Ireland drops place to 16th on innovation index

Average scores in R&D intensity, researcher concentration and patent activity led to fall

Ireland outperformed other predominantly English-speaking economies such as  Canada, the UK, Australia and New Zealand on the Bloomberg index

Ireland outperformed other predominantly English-speaking economies such as Canada, the UK, Australia and New Zealand on the Bloomberg index

 

Ireland has dropped one place to 16th in Bloomberg’s 2017 innovation index.

South Korea retained first place, topping the international charts in R&D intensity, value-added manufacturing and patent activity, and with top-five rankings in high-tech density, higher education and researcher concentration.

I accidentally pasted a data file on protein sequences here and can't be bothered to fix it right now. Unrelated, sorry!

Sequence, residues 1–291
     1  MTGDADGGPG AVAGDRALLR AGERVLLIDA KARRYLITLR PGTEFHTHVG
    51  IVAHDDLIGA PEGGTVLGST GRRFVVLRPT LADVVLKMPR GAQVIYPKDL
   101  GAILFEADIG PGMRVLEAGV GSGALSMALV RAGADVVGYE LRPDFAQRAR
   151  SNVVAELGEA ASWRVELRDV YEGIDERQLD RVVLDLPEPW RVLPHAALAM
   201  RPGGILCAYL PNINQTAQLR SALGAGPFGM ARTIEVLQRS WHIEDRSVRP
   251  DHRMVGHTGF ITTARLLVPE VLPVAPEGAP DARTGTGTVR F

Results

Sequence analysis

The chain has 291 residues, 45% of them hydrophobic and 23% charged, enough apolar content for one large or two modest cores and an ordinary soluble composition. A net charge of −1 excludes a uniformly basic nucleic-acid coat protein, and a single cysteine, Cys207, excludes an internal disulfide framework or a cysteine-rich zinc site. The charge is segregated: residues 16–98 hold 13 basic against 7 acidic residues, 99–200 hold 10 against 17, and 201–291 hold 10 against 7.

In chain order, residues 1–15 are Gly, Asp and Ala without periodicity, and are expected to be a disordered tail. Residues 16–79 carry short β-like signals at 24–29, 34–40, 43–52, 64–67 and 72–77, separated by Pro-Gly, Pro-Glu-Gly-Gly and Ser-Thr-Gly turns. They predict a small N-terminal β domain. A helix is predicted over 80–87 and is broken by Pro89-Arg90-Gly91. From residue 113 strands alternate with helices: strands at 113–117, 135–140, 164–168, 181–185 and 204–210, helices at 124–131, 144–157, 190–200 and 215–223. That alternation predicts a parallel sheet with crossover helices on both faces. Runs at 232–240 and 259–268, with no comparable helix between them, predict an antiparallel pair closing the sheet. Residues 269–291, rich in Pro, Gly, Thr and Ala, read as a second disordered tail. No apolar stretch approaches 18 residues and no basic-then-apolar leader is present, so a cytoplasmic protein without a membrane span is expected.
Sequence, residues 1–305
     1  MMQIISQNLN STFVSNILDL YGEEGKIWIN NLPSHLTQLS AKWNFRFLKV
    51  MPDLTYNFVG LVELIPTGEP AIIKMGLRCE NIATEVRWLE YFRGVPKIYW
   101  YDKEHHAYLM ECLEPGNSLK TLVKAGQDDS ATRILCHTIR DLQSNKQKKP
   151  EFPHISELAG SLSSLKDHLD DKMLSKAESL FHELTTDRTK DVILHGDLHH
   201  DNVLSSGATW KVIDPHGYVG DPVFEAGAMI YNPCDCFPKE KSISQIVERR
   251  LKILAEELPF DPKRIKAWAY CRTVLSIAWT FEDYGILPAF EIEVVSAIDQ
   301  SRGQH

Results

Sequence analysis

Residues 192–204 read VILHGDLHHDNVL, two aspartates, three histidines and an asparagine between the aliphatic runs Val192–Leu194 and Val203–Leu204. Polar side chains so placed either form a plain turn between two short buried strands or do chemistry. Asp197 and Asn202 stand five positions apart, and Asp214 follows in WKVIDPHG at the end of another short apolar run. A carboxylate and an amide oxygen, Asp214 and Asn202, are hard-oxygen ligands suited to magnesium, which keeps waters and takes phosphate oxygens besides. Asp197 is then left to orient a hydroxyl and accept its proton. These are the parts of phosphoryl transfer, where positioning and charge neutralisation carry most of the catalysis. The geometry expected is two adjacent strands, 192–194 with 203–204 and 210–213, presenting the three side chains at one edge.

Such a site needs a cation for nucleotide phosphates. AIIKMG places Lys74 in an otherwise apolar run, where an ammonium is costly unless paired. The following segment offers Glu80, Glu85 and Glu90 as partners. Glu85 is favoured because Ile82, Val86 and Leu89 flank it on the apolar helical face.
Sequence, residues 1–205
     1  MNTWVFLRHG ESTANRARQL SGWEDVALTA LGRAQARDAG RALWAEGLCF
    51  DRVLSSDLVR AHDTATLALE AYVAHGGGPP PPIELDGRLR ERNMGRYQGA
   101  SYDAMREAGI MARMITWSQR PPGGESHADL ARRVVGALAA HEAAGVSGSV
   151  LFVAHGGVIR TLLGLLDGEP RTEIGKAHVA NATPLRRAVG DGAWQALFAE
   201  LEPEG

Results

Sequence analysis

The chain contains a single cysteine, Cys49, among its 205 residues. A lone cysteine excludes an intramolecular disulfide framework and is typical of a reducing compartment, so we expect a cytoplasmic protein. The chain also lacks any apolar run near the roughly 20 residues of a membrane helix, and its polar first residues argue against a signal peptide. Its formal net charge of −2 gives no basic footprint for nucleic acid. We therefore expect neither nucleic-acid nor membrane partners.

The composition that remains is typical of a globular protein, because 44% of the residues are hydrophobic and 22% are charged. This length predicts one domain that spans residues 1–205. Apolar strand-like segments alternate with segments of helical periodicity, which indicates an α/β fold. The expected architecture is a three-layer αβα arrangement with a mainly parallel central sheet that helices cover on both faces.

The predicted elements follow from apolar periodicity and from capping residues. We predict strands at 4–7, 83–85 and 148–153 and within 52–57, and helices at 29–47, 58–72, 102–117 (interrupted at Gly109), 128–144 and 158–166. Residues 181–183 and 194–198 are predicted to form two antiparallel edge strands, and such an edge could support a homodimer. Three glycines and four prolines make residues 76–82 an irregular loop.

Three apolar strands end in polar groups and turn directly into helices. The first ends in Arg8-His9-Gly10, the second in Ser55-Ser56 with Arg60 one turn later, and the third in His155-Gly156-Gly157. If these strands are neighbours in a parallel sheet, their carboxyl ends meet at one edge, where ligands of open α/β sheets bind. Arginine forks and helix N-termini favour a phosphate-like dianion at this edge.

Ireland ranked in second place for value-added manufacturing and in sixth place for productivity. The country recorded average scores for patent activity, researcher concentration and R&D intensity. However, Ireland still outperformed other predominantly English-speaking economies like Canada, the UK, Australia and New Zealand.

Nordic economies performed well, with Sweden taking second place in the index thanks to an improvement in its manufacturing value-added metric.

Neighbour Finland jumped two spots to finish fifth due to due to an increase in the number of high-tech firms in the State. Norway held on to 14th place.

Biggest loser

Russia

Japan, where the yen is still struggling to recover from an almost two-year slide, dropped the most of any economy in the top 25, moving to number seven from 4th place as they lost their best-in-world distinction for patent activity.

The US fell one spot to ninth place, while Israel moved up one notch to number 10. China held its title as the strongest-ranked emerging market, at number 21, as it improved its tertiary education score while its high-tech concentration wavered.

Category scores

The worst performers in this year’s index were Kazakhstan, Argentina and Morocco. – Additional reporting: Bloomberg